Canvey 1936

as written by Reg White in 1997

By Janet Penn

First published in a local magazine in 1997 this is a lovely story of part of the island we do not hear a lot about.....

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I am now seventy years old. I migrated to Australia over thirty years ago and now live in a lovely seaside suburb of Adelaide.

I lived on Canvey for 25 years, including the war years, during which I served in the Submarine Service of the Royal Navy.

Both my children were born on Canvey. One each side of the 1953 floods, when we were evacuated to Westcliff. I still have a sister and nephew liv­ing on the Island and I still cherish the memories of my early days there.

This is his story....

Photo: Illustrative image for the 'Canvey 1936' page
It is August 1936. My name is Reg Wright and I am ten years old. I used to live in London but we moved to Canvey three years ago. Today is one of the rare occasions since we moved here that I have been off the Island. Mum took me to Southend with her to do some shop­ping. On our return, we got off the train at Benfleet station, walked over the level crossing and down the road to the bus for Canvey.

As soon as all the train pas­sengers were on the bus it pulled away, but only for about a hun­dred yards because the warning bell was ringing and the arm was across the road to stop all traffic.

You see, the road bridge was being opened because a small sailing-boat was heading along Benfleet Creek to the boat sheds by the station and water traffic has the right of way over road traffic, whatever the size.

Once the boat passed and the bridge was closed again, we were on our way. Over a hump in the road where it crossed the seawall onto the Island. We passed Waterside Farm on our left, then it was all fields for a mile or so until we came to new hous­ing development called "The Dutch Village". Right up close to the road is a massive sign board proclaiming BUY A FIELDERS BUN­GALOW *** A THOUSAND BUYERS CAN'T BE WRONG. Followed by the information:-Twenty Five Pounds Down and Seven and sixpence a week.

The road carried on around Northwick Corner, past St. Catherine's church and the Red Cow pub before stopping outside the ironmon­gers, where we got off. Haven road is opposite the Red Cow. It runs to another pub, the Lobster Smack, about a mile away, right up close to the sea wall.

Photo: Illustrative image for the 'Canvey 1936' page
We live in a row of six cottages right opposite the Lobster Smack, which were built many years ago for the local coastguards to live in. The only other property in this corner of the Island is a farm owned by the White family.

As soon as we reached home I was out of my best clothes and into my swimming-trunks, heading for the sea wall.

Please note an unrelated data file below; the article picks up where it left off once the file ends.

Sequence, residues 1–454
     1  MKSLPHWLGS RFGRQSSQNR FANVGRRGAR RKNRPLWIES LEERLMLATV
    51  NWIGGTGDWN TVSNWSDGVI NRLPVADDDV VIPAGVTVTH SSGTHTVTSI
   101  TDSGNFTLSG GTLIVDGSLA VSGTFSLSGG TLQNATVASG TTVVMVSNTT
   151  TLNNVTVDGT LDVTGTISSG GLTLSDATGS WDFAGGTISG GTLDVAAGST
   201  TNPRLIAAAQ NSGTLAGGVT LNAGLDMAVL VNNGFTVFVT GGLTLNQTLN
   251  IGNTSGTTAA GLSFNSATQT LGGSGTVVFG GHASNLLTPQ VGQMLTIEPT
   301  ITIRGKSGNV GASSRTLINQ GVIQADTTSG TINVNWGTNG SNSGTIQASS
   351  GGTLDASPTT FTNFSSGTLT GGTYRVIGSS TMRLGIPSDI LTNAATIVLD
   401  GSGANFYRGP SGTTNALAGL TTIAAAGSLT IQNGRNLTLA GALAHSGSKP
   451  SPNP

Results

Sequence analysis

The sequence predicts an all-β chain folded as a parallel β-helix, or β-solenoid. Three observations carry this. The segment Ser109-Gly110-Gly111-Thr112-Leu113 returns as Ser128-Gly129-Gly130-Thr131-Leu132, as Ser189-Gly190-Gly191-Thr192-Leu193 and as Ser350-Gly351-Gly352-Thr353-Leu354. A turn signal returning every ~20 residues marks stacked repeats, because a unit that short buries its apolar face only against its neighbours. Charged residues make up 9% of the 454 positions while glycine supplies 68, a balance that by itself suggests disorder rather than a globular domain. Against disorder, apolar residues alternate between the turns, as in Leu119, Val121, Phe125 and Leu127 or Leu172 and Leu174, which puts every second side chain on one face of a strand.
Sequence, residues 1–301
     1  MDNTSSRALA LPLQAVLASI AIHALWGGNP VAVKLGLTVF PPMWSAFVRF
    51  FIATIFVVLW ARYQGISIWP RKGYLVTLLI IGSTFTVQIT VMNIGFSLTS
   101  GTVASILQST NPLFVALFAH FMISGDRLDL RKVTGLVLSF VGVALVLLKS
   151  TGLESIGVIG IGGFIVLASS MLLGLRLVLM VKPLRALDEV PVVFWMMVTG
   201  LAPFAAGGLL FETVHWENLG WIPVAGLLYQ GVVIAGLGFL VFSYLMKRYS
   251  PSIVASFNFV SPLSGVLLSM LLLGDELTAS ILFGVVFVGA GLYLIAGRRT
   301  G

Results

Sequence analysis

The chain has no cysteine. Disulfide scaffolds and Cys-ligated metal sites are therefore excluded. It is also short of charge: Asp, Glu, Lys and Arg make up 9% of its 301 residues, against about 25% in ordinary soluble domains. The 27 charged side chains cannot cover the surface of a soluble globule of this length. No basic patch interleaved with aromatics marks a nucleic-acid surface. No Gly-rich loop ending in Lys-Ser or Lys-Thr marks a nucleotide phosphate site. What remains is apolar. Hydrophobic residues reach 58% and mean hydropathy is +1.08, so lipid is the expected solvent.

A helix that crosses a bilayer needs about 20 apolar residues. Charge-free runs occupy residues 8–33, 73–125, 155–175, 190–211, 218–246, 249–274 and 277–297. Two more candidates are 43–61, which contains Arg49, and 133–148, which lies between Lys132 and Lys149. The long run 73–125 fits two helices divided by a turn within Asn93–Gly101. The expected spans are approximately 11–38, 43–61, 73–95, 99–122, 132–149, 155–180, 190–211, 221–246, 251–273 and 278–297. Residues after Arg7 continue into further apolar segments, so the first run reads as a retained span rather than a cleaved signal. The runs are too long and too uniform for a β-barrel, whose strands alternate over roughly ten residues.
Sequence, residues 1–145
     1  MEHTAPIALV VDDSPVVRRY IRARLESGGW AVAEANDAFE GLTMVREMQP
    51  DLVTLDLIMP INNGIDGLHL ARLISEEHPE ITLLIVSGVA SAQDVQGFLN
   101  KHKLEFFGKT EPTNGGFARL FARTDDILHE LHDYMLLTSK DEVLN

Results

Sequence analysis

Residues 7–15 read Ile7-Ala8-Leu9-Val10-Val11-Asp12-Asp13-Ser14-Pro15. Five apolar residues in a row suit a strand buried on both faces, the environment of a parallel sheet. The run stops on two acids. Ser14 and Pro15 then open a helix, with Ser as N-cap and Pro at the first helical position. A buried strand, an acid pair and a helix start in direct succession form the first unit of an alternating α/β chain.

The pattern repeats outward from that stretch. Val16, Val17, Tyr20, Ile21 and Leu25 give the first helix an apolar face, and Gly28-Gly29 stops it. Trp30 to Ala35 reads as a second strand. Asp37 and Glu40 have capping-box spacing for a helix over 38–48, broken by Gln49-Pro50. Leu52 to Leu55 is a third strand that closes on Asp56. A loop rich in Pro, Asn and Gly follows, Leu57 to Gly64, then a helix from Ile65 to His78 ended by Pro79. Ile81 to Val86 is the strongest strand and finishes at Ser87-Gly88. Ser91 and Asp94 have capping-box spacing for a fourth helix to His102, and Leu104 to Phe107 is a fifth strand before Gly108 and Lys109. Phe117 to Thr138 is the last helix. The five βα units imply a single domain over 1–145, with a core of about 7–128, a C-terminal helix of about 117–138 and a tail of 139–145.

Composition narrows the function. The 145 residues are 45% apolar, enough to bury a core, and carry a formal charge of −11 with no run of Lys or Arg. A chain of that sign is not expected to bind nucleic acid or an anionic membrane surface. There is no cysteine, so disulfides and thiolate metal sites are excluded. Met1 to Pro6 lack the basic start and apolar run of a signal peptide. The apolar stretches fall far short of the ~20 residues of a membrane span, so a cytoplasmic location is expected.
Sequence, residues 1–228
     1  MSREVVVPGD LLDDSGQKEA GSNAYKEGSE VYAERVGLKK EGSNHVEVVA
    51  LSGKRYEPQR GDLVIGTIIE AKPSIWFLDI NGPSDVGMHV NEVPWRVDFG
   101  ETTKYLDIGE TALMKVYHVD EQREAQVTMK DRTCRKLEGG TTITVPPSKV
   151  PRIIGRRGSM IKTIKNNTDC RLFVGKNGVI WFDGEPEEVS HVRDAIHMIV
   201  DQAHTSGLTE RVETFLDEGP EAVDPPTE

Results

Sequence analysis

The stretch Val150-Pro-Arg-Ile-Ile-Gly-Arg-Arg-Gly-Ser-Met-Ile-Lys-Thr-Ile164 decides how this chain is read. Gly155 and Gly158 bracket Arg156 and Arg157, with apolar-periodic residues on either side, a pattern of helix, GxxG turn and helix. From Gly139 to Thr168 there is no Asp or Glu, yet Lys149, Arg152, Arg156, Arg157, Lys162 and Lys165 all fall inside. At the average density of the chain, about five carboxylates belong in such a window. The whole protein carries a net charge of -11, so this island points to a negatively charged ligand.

As I climbed the wooden stairs, alongside a little wooden signal-hut at the front of the pub, I could see dozens of small cabin cruisers and yachts anchored in Hole Haven creek, as well as a few fishing-boats from Leigh. I ran along the top of the sea wall to a flight of wooden steps and landings that run down to the water.

The tide was well out and a long wooden platform at the base of the steps was just above the water level. Several of the kids from the cot­tages and the village were sitting on the steps and a few were swim­ming. I joined those in the water and swam around one of the yachts, before climbing out and joining the others on the jetty. This is a beau­tiful place to live, winter or summer, there is always so much to do and see. Right now out in the estuary there are two large cargo ships following each other to Southend and after that to anywhere in the world. There is a large oil tanker about to berth at the Coryton oil refinery opposite, while a fussy little tug is making hard work of pulling six slow flat barges full of rubbish round to Pitsea dump.

When the tide is low like this I often walk along the bottom of the sea wall at the edge of the water collecting winkles and mussels which Mum cooks for our tea. In the winter after school and at weekends. I collect driftwood along the wall for our fires. We don't have gas or electricity in the house and coal is too expensive.

It is just over a mile and a half to and from school each day and sometimes in the winter I arrive soaked to the skin. There is no trans­port so we just make the best of it.

Canvey is a lovely place, and our little corner of it is wonderful. I am so glad that Mum moved here when she did. I don't think I will ever want to leave it.

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Courtesy of the Transport Museum

This page was added by Janet Penn on 12/11/2014.

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